An interesting way to engage guests is to have them remark on the birthday child. For Ty and Za, my husband and I make a "top ten list" of the biggest changes, accomplishments, or cute things the birthday child has done in the past year. We make a poster out of them and post it during the party. We encourage our guests to add to the list. We compile the ideas into a page for the baby book. 

It is fun, interactive, and very cheap. It makes for good conversation fodder when you have people around who don't necessarily know each other, too!

Wednesday, March 9, 2011

Wonder Why Wednesday: Cheating Time

I wonder why (this Wednesday) how I am going to manage not cheating my second child out of time. I already know that this happens and I knew it would before Za was born. When she was a newborn, I did not sit and stare at her for the hours that I did with Ty. She got put in her bouncy seat so I could fix him lunch. I asked less questions at the pediatrician's office not necessarily because I knew more, but because I was too tired to write the questions down or remember them.

Baby Za feet.
I see this difference of time spent so clearly in their baby books. Ty's is thick with details, stories, journaling, and pictures. Za's, well, I wanted to do this section of her baby toes and fingers and I have just now realized that while I took pictures of her feet, I forgot to take them of her hands.

How do I stop this from happening? Why does it happen? Am I really that tired that the first child had so much more than the second? (And why did I not take pictures of her newborn hands after I took them of her feet?!)

I understand that no two children have the same experiences but I wonder why I cannot remember to do the extras for my second child. I realize that I am not forgetting important aspects, like feeding or reading, but it is those little extras that children so often remember, that make childhood the special time it is. Those extras are not always happening, and I wonder why and how I can fix it.

Monday, March 7, 2011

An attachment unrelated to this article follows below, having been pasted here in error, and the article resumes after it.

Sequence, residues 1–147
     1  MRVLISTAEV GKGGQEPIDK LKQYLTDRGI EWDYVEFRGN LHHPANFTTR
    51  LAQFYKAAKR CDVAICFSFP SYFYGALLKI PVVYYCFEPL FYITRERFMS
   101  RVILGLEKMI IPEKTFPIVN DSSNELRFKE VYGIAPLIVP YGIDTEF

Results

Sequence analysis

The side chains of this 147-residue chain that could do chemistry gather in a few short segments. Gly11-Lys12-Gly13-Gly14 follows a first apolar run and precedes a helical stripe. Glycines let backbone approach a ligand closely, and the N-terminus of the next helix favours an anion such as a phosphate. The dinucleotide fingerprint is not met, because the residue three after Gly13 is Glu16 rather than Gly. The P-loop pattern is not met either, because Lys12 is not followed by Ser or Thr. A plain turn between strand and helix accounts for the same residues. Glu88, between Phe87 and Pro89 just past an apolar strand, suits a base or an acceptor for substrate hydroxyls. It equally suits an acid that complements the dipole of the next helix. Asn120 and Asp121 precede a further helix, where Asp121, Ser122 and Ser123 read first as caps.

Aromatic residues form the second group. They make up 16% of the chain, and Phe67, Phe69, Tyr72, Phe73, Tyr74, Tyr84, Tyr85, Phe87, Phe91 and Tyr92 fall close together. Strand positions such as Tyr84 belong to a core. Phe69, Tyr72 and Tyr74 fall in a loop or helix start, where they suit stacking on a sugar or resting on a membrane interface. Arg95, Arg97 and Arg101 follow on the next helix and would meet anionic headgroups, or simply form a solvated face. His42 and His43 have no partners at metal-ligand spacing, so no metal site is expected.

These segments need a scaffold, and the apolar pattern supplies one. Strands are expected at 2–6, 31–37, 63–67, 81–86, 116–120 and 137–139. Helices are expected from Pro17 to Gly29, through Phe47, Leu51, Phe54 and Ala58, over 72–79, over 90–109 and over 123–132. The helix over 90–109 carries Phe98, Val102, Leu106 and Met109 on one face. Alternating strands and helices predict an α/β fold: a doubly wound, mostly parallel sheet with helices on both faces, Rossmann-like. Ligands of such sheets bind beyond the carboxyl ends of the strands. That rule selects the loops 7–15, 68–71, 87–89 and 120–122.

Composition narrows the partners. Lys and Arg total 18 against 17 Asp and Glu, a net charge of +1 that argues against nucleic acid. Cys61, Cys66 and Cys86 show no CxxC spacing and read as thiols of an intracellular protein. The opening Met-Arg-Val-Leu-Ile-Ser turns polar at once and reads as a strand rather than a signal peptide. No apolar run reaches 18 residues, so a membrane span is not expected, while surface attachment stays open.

Education Topic: Class Size

Small Classes vs. Large Classes: Another debate concerning education reform is class size. Bill Gates recently wrote for the Washington Post about education reform. In a later interview (again for the Washington Post) he had this to say:

If you look at something like class sizes going from 22 to 27, and paying that teacher a third of the savings, and you make sure it's the effective teachers you're retaining," he said, "by any measure, you're raising the quality of education as you do that."

No matter your opinion on Bill Gates' involvement in education, this is an important topic as it will influence our children. So... here are pros and cons concerning class size. Chime in with more examples in the comments and I will do a follow-up and give credit for your ideas!

Overall, positive associations with small class sizes deal with time. Teachers can devote more time to teach each student with a small class. Teachers can devote more time to each student, lesson planing to accommodate different types of learners, and grading for valuable feedback. Smaller classes also allow teachers to see more of what is occurring, like bullying. Sometimes small classes lead to close-knit groups which will also encourage group work and lessen bullying. The education is deemed personalized and tailored with small classes.

Negative associations with a small class size deal with student interaction. A problem exists if a small class has too many levels of students. If only one student out of fourteen continually struggles, she may be less likely to speak up, unlike if several students (more likely in a large class) had questions. A student may also be an outsider if cliques form in the small class. Additionally, teachers may finish material and not continue past where he would with another class he currently teaches, probably a larger class. This, however, may be an advantage for anti-homework advocates.

So are the advantages/disadvantages of large classes the exact opposite? Sure, and a bit more.

Positive associations of large classes deal with competition. If students are involved in a class topic or assignment, theoretically they will want to 'win.' The education is deemed realistic and preparatory for the students' next life stage. Large classes can create competition to drive students to study more, but that does not always happen.

Negative associations of large classes deal with how students get 'lost' among so many peers. Shy students may gladly blend into the rows of desks and apathetic ones will become more apathetic. Teachers cannot grade papers as thoroughly, even if they only have five extra to grade. Some schools do not have classrooms large enough to accommodate large classes, and students get the message that they are in the way.

Those are the positives and negatives I could think of concerning class size. So now it is your turn. What needs added to the pro/con conversation about small and large classes? Is Bill Gates right? Or should education continue aiming for small class sizes?